Why Is Rosacea Considered to Be an Inflammatory Disorder?
The Primary Role, Clinical Relevance, and Therapeutic Correlations of Abnormal Innate Immune Response in Rosacea-Prone Skin
June 2012 | Volume 11 | Issue 6 | Original Article | 694 | Copyright © June 2012
The pathophysiology of rosacea has undergone renewed interest over the past decade, with a large body of evidence supporting the role of an abnormal innate immune response in rosacea. Many mechanisms interact with the cutaneous innate immune system that may be operative. A variety of potential triggers stimulate this immune detection system which is upregulated and hyper-responsive in facial skin of patients with rosacea as compared to normal skin. Based on the most current data, two conclusions have been reached. First, the major presentations of rosacea appear to be inflammatory dermatoses. Second, the presence of a microbial organism is not a primary or mandatory component of the pathogenesis of rosacea. Available therapies for rosacea exhibit reported modes of action that appear to correlate with the inhibition of inflammatory processes involved in the pathophysiology of at least some presentations of rosacea.
J Drugs Dermatol.2012;11(6):694-700.
Rosacea is well recognized globally as a common dermatologic
disorder encountered in clinical practice. Although
prevalence estimates vary depending on the population
evaluated and the methodology used to capture the diagnosis for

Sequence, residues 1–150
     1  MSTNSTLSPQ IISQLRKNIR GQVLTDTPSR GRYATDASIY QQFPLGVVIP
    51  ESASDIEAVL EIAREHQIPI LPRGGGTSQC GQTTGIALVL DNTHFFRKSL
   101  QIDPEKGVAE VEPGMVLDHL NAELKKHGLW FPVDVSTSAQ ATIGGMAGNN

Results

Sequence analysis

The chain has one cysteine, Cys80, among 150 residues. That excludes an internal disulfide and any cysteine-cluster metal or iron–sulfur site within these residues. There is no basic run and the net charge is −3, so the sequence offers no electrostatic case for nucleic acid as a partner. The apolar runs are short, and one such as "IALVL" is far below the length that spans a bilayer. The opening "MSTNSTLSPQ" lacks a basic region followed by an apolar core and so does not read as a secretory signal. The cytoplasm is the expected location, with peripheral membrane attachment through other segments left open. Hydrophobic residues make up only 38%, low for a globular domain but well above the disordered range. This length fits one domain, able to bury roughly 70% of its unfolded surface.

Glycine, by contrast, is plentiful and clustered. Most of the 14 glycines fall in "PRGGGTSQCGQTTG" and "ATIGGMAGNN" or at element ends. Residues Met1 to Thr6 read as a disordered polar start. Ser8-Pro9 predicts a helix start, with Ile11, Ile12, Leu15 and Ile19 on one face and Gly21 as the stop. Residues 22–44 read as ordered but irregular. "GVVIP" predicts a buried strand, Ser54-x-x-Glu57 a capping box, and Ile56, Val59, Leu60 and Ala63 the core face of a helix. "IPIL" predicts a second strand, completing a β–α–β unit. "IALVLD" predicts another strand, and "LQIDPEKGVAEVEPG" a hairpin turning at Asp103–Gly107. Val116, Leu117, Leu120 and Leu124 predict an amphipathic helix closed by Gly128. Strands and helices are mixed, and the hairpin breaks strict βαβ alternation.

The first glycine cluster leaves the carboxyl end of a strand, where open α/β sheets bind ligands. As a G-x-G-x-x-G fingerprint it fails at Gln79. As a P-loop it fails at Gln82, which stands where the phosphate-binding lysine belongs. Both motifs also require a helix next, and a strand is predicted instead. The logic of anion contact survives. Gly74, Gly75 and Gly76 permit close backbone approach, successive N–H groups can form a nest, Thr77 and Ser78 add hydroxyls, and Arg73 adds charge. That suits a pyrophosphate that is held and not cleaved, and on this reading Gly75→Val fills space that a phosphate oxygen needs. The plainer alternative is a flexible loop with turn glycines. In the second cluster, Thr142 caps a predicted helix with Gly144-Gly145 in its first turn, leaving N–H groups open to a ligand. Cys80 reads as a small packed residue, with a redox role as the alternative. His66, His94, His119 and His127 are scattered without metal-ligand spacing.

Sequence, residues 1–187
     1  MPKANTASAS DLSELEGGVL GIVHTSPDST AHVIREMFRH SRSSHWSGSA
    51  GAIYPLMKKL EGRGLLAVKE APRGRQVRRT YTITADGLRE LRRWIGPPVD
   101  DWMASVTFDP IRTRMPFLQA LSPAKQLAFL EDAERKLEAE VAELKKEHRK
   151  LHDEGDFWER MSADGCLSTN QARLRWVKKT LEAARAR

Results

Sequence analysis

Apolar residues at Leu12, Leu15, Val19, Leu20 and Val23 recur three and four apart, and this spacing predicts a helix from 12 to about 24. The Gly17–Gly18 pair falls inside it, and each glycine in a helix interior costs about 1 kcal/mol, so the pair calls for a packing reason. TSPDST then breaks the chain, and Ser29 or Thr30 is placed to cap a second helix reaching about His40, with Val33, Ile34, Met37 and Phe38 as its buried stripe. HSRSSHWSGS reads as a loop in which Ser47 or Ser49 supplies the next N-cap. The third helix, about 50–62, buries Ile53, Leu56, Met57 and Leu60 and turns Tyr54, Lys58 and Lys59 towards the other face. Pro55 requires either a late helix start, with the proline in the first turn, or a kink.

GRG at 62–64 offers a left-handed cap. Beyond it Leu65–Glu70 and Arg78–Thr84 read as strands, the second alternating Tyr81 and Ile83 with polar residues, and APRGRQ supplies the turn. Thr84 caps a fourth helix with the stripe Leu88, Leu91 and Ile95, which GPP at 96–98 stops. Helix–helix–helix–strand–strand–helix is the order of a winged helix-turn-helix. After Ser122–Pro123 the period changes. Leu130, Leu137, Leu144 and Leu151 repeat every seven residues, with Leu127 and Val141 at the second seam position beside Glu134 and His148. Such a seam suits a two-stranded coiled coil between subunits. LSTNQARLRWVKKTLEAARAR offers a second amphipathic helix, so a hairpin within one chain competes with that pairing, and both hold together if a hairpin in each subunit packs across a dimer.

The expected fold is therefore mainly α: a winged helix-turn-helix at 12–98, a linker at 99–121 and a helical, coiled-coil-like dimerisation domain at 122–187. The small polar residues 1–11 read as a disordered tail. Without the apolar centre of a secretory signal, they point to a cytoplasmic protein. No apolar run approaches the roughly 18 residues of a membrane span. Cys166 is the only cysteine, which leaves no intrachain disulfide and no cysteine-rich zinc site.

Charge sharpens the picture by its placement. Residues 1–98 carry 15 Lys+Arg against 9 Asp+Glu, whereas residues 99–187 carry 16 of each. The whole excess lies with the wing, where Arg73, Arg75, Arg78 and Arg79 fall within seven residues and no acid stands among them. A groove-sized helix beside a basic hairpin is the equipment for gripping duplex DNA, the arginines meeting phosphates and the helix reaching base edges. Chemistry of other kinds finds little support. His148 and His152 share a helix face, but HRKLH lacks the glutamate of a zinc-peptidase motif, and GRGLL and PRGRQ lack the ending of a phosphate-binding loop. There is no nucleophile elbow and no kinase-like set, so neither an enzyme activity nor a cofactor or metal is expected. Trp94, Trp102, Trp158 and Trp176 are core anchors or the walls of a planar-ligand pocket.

demographic or epidemiologic purposes, there is little disagreement
that at least the major presentations that have been classified
as rosacea are commonly encountered in clinical practice.1-4 For the
purposes of having a reasonably accepted "diagnostic language"
for discussion, the common presentations of rosacea were first
designated as subtypes in 2002, and subsequently in other references.
2 Among the four major subtypes, the two most common
are erythematotelangiectatic rosacea (ETR) and papulopustular rosacea
(PPR). Although rosacea has long been recognized as being
most common in patients with very fair skin with a reported prevalence
of up to 10% in individuals of Northern European or Celtic
heritage (Fitzpatrick Skin Type I-II), it has also been reported to affect
approximately 4% of individuals with darker skin types.5-7 To add,
there is some evidence that African Americans are more likely to be
affected by rosacea if one of the parents is of Northern European
ancestry.8 Nevertheless, a thorough evaluation of the prevalence
of rosacea, including a breakdown of individual subtypes or specific
presentations, has not been completed in patients with skin
of color (Fitzpatrick Skin Types IV-VI) or among different ethnicities
where darker skin types than Fitzpatrick I-II are predominant.
Clinical Differentiation of Common Presentations
Clinical features that characteristically manifest in ETR that are also
observed in many patients with PPR include diffuse central facial
erythema, telangiectasias, and associated symptoms (ie, stinging,
burning) and signs (ie, scaling, flaking, redness) of "skin sensitivity"
and stratum corneum (SC) permeability barrier impairment.1-5,8 PPR
differs clinically from ETR by the presence of inflammatory lesions
in PPR. The inflammatory lesions of PPR are commonly papules
and pustules that are most pronounced on the central face with associated
perilesional erythema, although some patients with PPR
may have few or many inflammatory lesions with little to no diffuse
central facial erythema that is not perilesional in nature.1-3,8-11